Democracy Dies in Darkness

Politics | Analysis

Under Cassidy-Graham, health-care spending would drop in all but 16 states. Fifteen voted for Trump.

By Philip Bump

September 20, 2017 at 11:43 AM

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Senate Republicans are trying to revive the momentum to overhaul the Affordable Care Act with the Cassidy-Graham proposal. Here are five things to know about the plan and the rush to pass it. (Jenny Starrs/The Washington Post)

Even without independent analysis from the Congressional Budget Office, one of the effects of the current plan to overhaul Obamacare is clear. The bill — known as Cassidy-Graham after Sens. Bill Cassidy (R-La.) and Lindsey O. Graham (R-S.C.), who sponsored it — will cut government spending on health care. It has to: If it doesn't reduce the federal budget, it isn't eligible for the reconciliation rules in the Senate that would let it pass without facing a filibuster. That means that coverage will be reduced.

There's been a lot of attention paid to the fact that it's mostly blue states that will see the sharpest cuts in funding over the short term. That's not a random occurrence, as our Dave Weigel reported Wednesday. Because many red states chose not to expand Medicaid under Obamacare, the new bill's overhaul of how Medicaid spending is allocated would disproportionately affect blue ones.

Related: [Under latest health-care bill, red states would benefit disproportionately]

Graham was explicit in pitching this idea to the Republican base in an interview with Breitbart. "No longer will four blue states get 40 percent of the money. A state like Mississippi, they get a 900 percent increase. South Carolina gets 300 percent," he said.

At least over the short term.

Analysis released Wednesday by the health-care consulting firm Avalere estimates that the $215 billion in federal spending that the bill would eliminate by 2026 will balloon to nearly $500 billion the year after and $4.2 trillion by 2036. That's because, as critics of the bill have pointed out, funding for the system ends in 2026, meaning it would need to be reappropriated by the government. If that doesn't happen, funding will fall further.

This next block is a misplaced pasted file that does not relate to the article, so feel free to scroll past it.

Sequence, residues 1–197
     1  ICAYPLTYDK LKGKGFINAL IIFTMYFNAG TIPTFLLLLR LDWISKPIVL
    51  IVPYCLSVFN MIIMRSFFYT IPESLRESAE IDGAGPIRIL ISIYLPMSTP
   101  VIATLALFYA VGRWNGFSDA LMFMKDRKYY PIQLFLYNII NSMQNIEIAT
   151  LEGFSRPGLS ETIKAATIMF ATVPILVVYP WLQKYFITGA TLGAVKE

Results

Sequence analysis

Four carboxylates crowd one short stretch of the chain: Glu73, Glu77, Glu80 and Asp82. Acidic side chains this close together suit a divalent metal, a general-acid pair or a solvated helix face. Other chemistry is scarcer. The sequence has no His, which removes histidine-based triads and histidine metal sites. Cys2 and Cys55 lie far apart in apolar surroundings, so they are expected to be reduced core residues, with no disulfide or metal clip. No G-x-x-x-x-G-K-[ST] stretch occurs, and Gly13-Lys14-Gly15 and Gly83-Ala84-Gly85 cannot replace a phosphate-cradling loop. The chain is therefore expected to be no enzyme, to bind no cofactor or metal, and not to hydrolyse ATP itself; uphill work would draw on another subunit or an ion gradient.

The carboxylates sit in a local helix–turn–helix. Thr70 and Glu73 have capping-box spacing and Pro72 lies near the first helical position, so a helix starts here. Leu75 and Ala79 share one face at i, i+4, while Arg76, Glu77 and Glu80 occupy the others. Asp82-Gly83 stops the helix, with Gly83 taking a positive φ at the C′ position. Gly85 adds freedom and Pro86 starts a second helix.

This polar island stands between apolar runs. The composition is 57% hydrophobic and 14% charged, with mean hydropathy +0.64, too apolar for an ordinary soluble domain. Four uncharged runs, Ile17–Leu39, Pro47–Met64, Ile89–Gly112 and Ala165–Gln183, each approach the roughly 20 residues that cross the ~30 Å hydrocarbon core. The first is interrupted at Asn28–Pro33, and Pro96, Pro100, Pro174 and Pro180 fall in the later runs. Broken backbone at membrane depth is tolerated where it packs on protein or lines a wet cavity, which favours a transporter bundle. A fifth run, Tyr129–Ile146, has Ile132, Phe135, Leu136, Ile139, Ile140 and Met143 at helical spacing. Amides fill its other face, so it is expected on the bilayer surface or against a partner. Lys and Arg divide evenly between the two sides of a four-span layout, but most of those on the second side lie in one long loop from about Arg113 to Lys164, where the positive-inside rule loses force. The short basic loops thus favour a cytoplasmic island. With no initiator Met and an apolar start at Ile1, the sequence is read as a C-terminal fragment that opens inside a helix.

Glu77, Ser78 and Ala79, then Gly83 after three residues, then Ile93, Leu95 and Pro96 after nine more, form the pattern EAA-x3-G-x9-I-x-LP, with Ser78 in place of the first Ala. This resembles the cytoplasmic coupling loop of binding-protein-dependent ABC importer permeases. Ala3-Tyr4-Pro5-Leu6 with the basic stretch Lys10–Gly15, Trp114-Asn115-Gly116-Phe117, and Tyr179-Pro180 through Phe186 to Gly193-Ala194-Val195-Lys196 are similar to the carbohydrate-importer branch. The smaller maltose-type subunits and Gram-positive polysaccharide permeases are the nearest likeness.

At the same time, the bill would shift how Medicaid works, dramatically reducing the amount spent per person relative to how the system works under the current law. By 2036, that change would mean a reduction in federal spending in every single state relative to the current law.

Avalere's analysis suggests that, overall, only 16 states would see any increase in federal spending at all, 15 of them states that voted for President Trump in 2016. (The exception is Virginia.) Even Cassidy's home state of Louisiana would see consistent declines, which is one reason that the state's health secretary publicly opposed the legislation.

That chart shows the reduction in spending, but that's a second-tier concern. Avalere also gamed out how the reductions in Medicaid spending that are driving federal spending down over the long term would affect Americans.

Spending on the elderly would increase. Spending on the disabled, children and other adults would decline relative to the current law. By 2036, Avalere estimates, Medicaid spending that supports children will be cut by nearly a third.

Again, these estimates are from one firm. Usually, the nonpartisan Congressional Budget Office would weigh in with its own analysis. But because Cassidy, Graham and the rest of the Republican caucus in the Senate need to act by Sept. 30 to use the reconciliation rules that allow them to pass legislation with only 50 votes (plus a tiebreaker from Vice President Pence), they're not waiting for those numbers to be completed, in a sharp break from past practice.

That this lack of analysis makes it harder for its opponents to point out the negative long-term effects is probably something more than a happy coincidence.


Philip Bump is a correspondent for The Post based in New York.

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